City council has accepted the funding which will be going towards the first phase of the Downtown Revitalization Project.

That total comes out to $7.75 million, coming from the federal government through the Canadian Coal Transition Initiative Infrastructure Fund. 

The federal government has asked that the city spend some money on the project, asking for the city to put forward $1.5 million which would go toward the utilities.

The project would redesign Estevan's 4th Street through the downtown core, while also updating the underground utilities on the street.

City Manager Jeff Ward talked about the process and what will be done on 4th Street.

"It's a full rehabilitation. So basically from the foundations of the buildings will be torn up all the way to the foundations on the other side. This includes all new trees, there'll be underground planters for the trees, there'll be all new sidewalks, all new paving stones, all the connections into the buildings will be redone. Obviously, new pavement, new ash falls, new (pedestrian) ramps. There'll be new street lighting. So pretty much a full rehabilitation."

Ward says that they will send out designs of the street once that has been fully developed.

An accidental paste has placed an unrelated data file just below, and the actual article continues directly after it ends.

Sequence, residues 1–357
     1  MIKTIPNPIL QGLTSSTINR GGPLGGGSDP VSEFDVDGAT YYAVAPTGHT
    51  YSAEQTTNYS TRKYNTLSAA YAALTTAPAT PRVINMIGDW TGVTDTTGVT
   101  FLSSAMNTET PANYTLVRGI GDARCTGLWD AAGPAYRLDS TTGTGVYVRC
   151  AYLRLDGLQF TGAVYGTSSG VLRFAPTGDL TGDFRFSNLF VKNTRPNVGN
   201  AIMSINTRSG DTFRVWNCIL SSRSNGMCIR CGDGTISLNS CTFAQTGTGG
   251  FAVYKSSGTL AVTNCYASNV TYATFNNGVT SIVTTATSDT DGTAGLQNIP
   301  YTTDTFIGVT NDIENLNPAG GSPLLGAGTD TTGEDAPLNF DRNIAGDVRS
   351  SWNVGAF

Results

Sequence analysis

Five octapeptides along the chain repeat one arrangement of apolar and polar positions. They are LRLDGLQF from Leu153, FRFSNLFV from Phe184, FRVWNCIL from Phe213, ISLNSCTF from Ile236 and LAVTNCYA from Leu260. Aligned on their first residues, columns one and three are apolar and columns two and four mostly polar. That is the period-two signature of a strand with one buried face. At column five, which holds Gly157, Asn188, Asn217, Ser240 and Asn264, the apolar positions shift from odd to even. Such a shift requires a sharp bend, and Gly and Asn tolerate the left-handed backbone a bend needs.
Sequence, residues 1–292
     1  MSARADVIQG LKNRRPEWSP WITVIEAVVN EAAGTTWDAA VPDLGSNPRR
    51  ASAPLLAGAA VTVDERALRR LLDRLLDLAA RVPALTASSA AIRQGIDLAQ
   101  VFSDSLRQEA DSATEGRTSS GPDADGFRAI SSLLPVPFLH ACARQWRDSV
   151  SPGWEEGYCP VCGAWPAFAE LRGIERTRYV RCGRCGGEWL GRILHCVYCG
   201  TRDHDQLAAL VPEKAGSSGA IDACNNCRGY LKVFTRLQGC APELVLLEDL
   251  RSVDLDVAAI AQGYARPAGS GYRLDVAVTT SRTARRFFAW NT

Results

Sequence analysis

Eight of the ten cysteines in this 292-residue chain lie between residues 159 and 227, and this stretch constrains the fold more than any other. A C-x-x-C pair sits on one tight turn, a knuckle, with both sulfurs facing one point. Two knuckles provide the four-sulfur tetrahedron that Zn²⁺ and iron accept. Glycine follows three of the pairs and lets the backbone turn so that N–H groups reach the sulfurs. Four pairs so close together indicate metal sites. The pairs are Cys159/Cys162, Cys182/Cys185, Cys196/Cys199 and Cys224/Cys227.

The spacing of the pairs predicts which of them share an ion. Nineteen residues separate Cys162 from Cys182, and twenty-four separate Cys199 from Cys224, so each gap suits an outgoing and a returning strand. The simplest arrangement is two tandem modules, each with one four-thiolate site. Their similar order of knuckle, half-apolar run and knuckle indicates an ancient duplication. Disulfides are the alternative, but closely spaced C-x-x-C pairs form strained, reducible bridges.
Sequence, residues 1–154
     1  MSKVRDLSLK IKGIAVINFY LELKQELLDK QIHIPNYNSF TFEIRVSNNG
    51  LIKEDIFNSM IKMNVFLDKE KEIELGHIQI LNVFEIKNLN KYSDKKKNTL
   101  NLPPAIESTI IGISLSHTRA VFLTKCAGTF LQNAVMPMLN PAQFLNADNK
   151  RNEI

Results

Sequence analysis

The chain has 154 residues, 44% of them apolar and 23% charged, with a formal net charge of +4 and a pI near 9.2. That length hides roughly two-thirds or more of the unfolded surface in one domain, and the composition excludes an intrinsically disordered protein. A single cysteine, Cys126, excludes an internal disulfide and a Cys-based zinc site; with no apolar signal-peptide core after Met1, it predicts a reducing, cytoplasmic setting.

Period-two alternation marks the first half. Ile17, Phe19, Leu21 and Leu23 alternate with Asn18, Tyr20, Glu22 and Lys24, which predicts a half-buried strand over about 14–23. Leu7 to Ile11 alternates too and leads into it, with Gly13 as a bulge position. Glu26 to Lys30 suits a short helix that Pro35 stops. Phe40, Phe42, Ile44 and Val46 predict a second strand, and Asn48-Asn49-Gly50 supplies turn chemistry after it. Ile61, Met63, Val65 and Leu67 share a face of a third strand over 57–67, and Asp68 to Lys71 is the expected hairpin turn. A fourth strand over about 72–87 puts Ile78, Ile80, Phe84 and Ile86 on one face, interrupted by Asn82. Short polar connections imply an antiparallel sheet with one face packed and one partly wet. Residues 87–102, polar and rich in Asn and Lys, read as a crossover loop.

The city does not have plans for other revitalization phases, with the street consisting of phase 1.

"This is phase one, which is just the street streetscape in front of the downtown businesses," said Ward, "The additional 7 phases and pocket parks and items for central parking behind Royal Bank. Those are design phases that future councils could consider. We are only doing phase one of the project currently."

Ward says the largest cost for the project will be the streetscape, covering mature trees and more paving stones for a wider sidewalk.

What kind of disruptions Estevan might see is still unknown as the city is looking for the right contractor.

"Right now there's an RFQ out that general (contractors) can look at the design, put in some of their qualifications, and some of their estimated costing. Obviously, a bigger contractor will be able to rip up more, they have more pieces of equipment, while a smaller contractor may have to do it piece by piece."

"So as we get closer to knowing what the contract to the general contractor may be, we'll make sure that we do stakeholder engaging with all the downtown businesses to see how they're going to be impacted by the scope that's being done at a certain time. 

This is a fairly significant project. As was mentioned in Council, the funding for the CCTI fund is done by March 31st, 2025. So we really only have one construction season to complete this work, so as soon as the frost is out of the ground you will see machines moving and they will be going right till October."

Ward says that the Downtown Business Association has been a strong supporter of the project.